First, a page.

Where a receptionist would have once welcomed your arrival, there's now a little robot named "Glados" hanging from the ceiling above a vacant table. It scans the waiting room to detect movement and offer its greeting.
On a shelf amongst an assortment of engineering awards, sits "How to Survive a Robot Uprising," a tongue-in-cheek survival guide for newcomers.
It's a glimpse of how co-founder and chief executive Matt Rendall envisions the future, as robots change the way people live and work.
"Before the home, our vision is a robot in every company and every job site," he said. "There are still so many jobs that humans are not well suited to do."
A recent study from the Boston Consulting Group shows that investment in industrial robots will grow 10 per cent per year in the world's 25-biggest export nations through 2025 — overshadowing the current growth of two to three per cent.
Companies will be motivated by how cost-effective and efficient robots are compared to the human workforce, the study said. It's estimated that labour expenses can be reduced by 24 per cent in Canada, and cut even further in regions like South Korea and Japan.
Rendall believes that's where Clearpath comes in, as the Kitchener, Ont.-based company rolls out a fleet of robots to automate what it calls the "dullest, dirtiest and deadliest" jobs in the world, spanning industries like manufacturing, agriculture and the military.
Clearpath has engineered a fleet of heavy-duty yellow and black robots that fit comfortably between the look of a Tonka truck and the character in Pixar's "Wall-E."
Some of the robots are equipped to travel across the ground, while others are made for aerial and aquatic operations.
Basic models start at $10,000 before modifications — like mechanical arm extensions, cameras and lasers — bulk up the price. Larger models are closer to $125,000.
Its flagship Husky model is standing in for the Mars rover in a space simulation project run by the University of Toronto and the Canadian Space Agency. Using a remote, the operator can drive the model over rough terrain using cameras installed on the machine.
The Kingfisher aquatic model uses two ski-like hulls for balance to navigate across shallow pond surfaces or fast-flowing water.
Clearpath says municipalities could use the robot and sonar technology to monitor sludge buildup in the ponds used to collect storm water.
The company has also developed software and hardware for mining companies to replace workers in hazardous conditions.
The operator, who would have once worked deep below the earth's surface where humidity levels are high and oxygen levels are low, can now control the machinery from a safer location, Rendall said.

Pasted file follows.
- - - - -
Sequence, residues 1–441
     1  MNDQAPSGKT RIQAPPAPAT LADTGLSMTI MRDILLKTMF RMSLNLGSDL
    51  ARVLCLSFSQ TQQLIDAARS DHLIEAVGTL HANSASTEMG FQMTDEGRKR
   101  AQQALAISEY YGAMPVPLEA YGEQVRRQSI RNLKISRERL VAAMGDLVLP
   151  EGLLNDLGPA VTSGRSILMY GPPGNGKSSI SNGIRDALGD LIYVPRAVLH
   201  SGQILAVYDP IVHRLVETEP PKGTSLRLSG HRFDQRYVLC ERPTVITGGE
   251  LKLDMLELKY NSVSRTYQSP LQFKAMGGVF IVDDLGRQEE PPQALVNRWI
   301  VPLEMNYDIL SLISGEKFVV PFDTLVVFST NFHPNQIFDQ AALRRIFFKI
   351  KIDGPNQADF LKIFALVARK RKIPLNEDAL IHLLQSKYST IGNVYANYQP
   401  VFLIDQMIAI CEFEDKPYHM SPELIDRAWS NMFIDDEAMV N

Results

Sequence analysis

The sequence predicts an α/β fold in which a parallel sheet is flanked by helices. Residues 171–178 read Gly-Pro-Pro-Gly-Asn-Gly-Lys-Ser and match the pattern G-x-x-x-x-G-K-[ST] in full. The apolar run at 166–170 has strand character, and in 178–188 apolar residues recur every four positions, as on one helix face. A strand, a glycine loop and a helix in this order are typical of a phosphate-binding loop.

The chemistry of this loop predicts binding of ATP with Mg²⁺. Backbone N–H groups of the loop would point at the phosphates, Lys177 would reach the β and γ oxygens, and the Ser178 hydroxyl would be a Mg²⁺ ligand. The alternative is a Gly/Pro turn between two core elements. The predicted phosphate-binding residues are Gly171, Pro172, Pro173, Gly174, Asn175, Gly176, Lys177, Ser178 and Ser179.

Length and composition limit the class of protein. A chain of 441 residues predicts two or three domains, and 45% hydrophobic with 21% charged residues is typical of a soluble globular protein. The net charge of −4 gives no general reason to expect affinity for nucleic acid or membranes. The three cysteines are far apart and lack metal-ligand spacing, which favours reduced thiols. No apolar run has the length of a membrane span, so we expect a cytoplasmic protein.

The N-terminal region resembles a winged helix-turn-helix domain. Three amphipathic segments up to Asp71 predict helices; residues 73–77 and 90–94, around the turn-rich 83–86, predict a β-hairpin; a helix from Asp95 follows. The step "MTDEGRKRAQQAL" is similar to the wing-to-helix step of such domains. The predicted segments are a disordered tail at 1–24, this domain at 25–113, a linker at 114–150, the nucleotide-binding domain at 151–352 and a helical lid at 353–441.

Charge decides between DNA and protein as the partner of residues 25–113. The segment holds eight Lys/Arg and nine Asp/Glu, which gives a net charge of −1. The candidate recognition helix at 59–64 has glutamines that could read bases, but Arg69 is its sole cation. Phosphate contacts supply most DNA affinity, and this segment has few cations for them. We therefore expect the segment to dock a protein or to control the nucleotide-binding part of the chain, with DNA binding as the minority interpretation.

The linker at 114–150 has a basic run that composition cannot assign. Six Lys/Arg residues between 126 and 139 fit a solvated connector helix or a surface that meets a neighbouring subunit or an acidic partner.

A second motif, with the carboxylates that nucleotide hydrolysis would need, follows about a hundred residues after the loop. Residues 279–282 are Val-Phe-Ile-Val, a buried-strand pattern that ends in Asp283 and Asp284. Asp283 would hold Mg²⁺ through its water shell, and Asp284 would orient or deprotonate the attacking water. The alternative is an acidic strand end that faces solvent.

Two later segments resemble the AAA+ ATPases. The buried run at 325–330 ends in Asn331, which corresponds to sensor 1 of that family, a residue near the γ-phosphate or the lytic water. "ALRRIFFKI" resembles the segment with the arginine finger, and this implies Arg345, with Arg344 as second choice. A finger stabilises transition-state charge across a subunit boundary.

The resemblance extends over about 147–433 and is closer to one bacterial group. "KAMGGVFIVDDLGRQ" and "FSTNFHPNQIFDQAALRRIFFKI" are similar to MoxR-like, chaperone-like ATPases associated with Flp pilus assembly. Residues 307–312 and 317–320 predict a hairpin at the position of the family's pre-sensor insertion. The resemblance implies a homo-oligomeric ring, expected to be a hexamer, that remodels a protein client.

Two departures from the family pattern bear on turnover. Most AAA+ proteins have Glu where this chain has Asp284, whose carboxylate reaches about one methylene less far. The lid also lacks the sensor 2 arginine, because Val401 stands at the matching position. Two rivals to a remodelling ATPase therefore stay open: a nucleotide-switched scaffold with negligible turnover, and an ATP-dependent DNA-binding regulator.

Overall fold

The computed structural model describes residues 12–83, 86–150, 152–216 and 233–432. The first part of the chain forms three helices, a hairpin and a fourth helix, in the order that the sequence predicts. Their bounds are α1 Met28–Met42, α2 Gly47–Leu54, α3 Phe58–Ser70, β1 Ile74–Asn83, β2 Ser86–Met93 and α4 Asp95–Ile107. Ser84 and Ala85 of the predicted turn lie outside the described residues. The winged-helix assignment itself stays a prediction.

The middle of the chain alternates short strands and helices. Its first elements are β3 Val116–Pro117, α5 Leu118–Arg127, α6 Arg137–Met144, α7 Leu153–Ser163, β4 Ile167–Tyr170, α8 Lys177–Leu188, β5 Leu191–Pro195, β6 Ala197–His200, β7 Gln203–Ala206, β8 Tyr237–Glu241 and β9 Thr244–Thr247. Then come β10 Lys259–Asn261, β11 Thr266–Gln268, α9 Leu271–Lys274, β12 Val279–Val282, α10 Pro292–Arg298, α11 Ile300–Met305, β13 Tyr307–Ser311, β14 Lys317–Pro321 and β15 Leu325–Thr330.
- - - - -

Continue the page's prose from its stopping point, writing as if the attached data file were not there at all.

Clearpath Robotics CEO Matt Rendall.
The idea for Clearpath was born six years ago from the disillusionment of four University of Waterloo students who found their 9-to-5 internships lacked creativity and freedom.
When 5 o'clock rolled around, they regularly convened at the university to design their own robot from scratch. Those meetings often stretched way past midnight, fuelled on coffee and energy drinks, Rendall remembers.
While their prototype didn't win a robotics competition that could have placed them on the radar of international organizations, their idea set the wheels in motion for Clearpath.
Rendall, who admits his strength was not in the actual construction of the robots, was appointed the company's ambassador to raise money and build a relationship with other Canadian universities.
Within a year and a half, Clearpath had crossed into profitability, helped by a team of engineers who shared the founders' obsession with robots. The company now has 75 employees at its assembly and design offices in Kitchener and plans to nearly double that number within two years.
Rapid growth of the robotics industry has raised a number of ethical issues, such as concerns the military could use industrial robots for lethal purposes.
Clearpath was the first robotics company to voice its support for the Campaign to Stop Killer Robots, a coalition of non-government organizations pushing for an international treaty that bans the use of robots as autonomous weapons.
Unions and other interest groups have also expressed their concern that robots will replace employees in the workforce. But Redall said he believes Clearpath shouldn't be distracted by how technology could displace existing jobs because the robotics industry is also creating new positions.
"My view is that it's going to happen, and it's a question of what country do you want it to happen in?" he said. "I'd much rather the technology be developed, and the economy stimulated, in Canada."
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